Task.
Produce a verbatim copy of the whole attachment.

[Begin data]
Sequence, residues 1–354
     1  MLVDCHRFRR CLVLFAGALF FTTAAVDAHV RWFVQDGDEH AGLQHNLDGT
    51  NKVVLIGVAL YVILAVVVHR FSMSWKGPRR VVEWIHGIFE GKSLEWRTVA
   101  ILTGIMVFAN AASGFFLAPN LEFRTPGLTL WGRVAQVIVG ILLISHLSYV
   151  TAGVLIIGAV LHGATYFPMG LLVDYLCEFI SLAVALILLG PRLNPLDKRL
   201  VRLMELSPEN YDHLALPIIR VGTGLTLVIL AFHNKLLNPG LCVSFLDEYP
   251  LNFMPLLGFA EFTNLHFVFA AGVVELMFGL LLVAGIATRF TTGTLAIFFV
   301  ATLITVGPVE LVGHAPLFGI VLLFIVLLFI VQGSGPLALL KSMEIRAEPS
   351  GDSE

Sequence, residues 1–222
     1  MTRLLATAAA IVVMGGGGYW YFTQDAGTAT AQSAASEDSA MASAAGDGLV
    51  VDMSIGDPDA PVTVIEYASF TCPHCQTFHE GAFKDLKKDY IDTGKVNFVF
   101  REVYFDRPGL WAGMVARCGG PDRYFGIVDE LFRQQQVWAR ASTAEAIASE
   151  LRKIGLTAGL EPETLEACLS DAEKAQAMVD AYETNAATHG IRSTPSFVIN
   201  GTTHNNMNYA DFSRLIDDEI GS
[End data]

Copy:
Sequence, residues 1–354
     1  MLVDCHRFRR CLVLFAGALF FTTAAVDAHV RWFVQDGDEH AGLQHNLDGT
    51  NKVVLIGVAL YVILAVVVHR FSMSWKGPRR VVEWIHGIFE GKSLEWRTVA
   101  ILTGIMVFAN AASGFFLAPN LEFRTPGLTL WGRVAQVIVG ILLISHLSYV
   151  TAGVLIIGAV LHGATYFPMG LLVDYLCEFI SLAVALILLG PRLNPLDKRL
   201  VRLMELSPEN YDHLALPIIR VGTGLTLVIL AFHNKLLNPG LCVSFLDEYP
   251  LNFMPLLGFA EFTNLHFVFA AGVVELMFGL LLVAGIATRF TTGTLAIFFV
   301  ATLITVGPVE LVGHAPLFGI VLLFIVLLFI VQGSGPLALL KSMEIRAEPS
   351  GDSE

Sequence, residues 1–222
     1  MTRLLATAAA IVVMGGGGYW YFTQDAGTAT AQSAASEDSA MASAAGDGLV
    51  VDMSIGDPDA PVTVIEYASF TCPHCQTFHE GAFKDLKKDY IDTGKVNFVF
   101  REVYFDRPGL WAGMVARCGG PDRYFGIVDE LFRQQQVWAR ASTAEAIASE
   151  LRKIGLTAGL EPETLEACLS DAEKAQAMVD AYETNAATHG IRSTPSFVIN
   201  GTTHNNMNYA DFSRLIDDEI GS